“As soon as the gunfire stopped, the partisans stormed in. There were around ten of them and they captured the commander, a warrant officer. They tied him down and loaded him up. He went in our truck. Before we left, the priest had told us: ‘There’s a rabbit hutch there. Kill all the rabbits and stain the loopholes with their blood to make it look like there was a fight here, that there’s blood here. The Germans won’t inspect whether it’s human blood. As long as its red.’ I think we killed about twenty or twenty-five rabbits and we splattered the blood around every loophole of the bunker, inside and outside, to make it look like some soldiers had died there. And the priest told the warrant officer’s wife that when the Germans come, she must say this and that. That they had been attacked by partisans, five Czechoslovaks had died, and others had been taken captive and taken away. And he told her that if she didn’t say all this, they would shoot her husband. And that they will let her know every month how he was.”
“The platoon commander kept pushing me to the shore. ‘Keep left. Further left! There’s a German tank ahead of you. You’ll open fire. But keep left, left!’ But because it was a radio, the driver heard it too and kept moving over to the left and the suddenly we turned over and the tank was gone. We were lucky that even though we fell in the water, we all managed to get out. Then we got a new tank and that was it. Mine was called Sherman. Its gun was heavy ammo in the unit. Others were smaller caliber. But the Sherman had a high-caliber gun. And on top it also had an anti-aircraft machine gun.”
“The Italian partisans took the officers who were tied up of course. And took them to the nearest town. To swap them. One officer for five partisans. We escorted them to the town and then we headed back to Ciavess and then in about two hours they came back with a truck full of Italian partisans. So the operation was successful. And such swaps were done once a week. But especially when the local partisans knew who was going, what officers. And they were waiting for a general. Because for a general, they had to free twenty partisans.”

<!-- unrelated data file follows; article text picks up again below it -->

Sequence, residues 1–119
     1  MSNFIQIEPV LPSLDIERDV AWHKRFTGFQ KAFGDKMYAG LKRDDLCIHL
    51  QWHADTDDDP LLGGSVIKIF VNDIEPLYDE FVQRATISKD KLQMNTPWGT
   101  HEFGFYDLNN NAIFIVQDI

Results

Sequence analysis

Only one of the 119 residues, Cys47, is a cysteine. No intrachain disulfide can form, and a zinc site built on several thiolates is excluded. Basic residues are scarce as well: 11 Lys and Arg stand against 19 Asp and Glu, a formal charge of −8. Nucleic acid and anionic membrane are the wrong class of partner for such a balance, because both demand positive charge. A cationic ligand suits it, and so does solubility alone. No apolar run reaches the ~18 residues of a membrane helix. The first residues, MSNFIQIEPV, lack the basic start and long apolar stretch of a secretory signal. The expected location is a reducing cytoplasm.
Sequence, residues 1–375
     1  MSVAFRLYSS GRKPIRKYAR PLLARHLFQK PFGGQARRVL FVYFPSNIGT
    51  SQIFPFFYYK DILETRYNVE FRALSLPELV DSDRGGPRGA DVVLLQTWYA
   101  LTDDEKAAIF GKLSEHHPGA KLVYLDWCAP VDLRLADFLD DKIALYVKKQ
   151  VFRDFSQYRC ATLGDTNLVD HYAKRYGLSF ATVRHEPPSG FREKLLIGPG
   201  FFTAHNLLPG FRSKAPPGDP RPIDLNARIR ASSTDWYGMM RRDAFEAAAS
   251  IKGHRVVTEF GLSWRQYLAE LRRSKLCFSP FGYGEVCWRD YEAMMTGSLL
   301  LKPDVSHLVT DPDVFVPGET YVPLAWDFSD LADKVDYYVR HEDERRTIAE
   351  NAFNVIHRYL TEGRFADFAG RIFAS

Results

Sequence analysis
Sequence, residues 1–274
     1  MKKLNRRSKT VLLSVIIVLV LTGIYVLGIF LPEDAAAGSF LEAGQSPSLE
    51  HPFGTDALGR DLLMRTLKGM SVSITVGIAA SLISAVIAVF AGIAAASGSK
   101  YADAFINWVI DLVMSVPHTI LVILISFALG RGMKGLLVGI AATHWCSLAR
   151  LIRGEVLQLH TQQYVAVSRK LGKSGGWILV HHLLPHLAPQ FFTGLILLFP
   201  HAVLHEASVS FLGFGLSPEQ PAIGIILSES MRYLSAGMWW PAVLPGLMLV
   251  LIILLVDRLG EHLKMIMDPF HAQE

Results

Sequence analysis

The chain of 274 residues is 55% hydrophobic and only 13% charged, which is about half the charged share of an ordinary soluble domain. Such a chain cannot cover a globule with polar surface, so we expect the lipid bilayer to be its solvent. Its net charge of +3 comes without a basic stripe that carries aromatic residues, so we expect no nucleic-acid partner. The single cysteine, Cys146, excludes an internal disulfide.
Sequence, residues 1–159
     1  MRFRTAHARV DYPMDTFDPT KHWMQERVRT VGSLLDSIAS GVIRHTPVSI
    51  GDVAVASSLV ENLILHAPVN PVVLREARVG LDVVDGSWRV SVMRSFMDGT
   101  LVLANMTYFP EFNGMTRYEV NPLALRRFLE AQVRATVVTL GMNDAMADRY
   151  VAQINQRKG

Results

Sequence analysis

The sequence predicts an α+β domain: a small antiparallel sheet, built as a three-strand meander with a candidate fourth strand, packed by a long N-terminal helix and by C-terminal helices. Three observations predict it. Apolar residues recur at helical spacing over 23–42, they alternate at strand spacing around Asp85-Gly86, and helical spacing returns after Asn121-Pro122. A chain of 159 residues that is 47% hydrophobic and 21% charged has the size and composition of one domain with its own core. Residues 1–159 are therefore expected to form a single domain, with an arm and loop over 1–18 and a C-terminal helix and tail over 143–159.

Antonín Daněk was born April 3, 1916 in Kostelany near Kroměříž in the Haná region. He grew up in a family that ran a small farm for a living. After primary school he went to Zlín to be apprenticed and then started working in the Baťa company. After falling seriously ill, he was laid off and worked as a laborer. In late 1934 he started his military service and stayed in the army even after his service had ended. After the occupation of Czechoslovakia he decided to join the government forces but, due to his insufficient German, was soon redeployed to work forces stationed at various places of the Protectorate (Vyškov, Stichovice, Praha-Žižkov, Kutná Hora, Stará Boleslav or Lipník n. Bečvou) where he mainly worked as a joiner. In 1944 the government forces were transferred to Italy. Soon after becoming guards of a munition depot near Torino, the entire unit joined the Italian partisans. He participated in a number of operations with them but when there was a threat of a German anti-partisan unit attack, he set out to Switzerland across the Alps together with two other Czechs. They were stopped by border guard multiple times on the way, but they always managed to escape and continued all the way to France. In Lyon they all enrolled in the Czechoslovak Armored Brigade together. With it Antonín took part in the first Dunkerque offensive and then served as a guard in the front line after he had lost his tank in a flooded area. After World War II he returned to Czechoslovakia and returned to civilian life. He found a job at the food inspection department of the National Committee in Brno and later in Gottwaldov. From 1954 he was employed at the food inspection of the National Trade Inspection Authority with the Ministry of Internal Trade. In 1970 he retired and got invalidity pension. In 2003 he lived in Kroměříž and was devoted to repairing antique clock.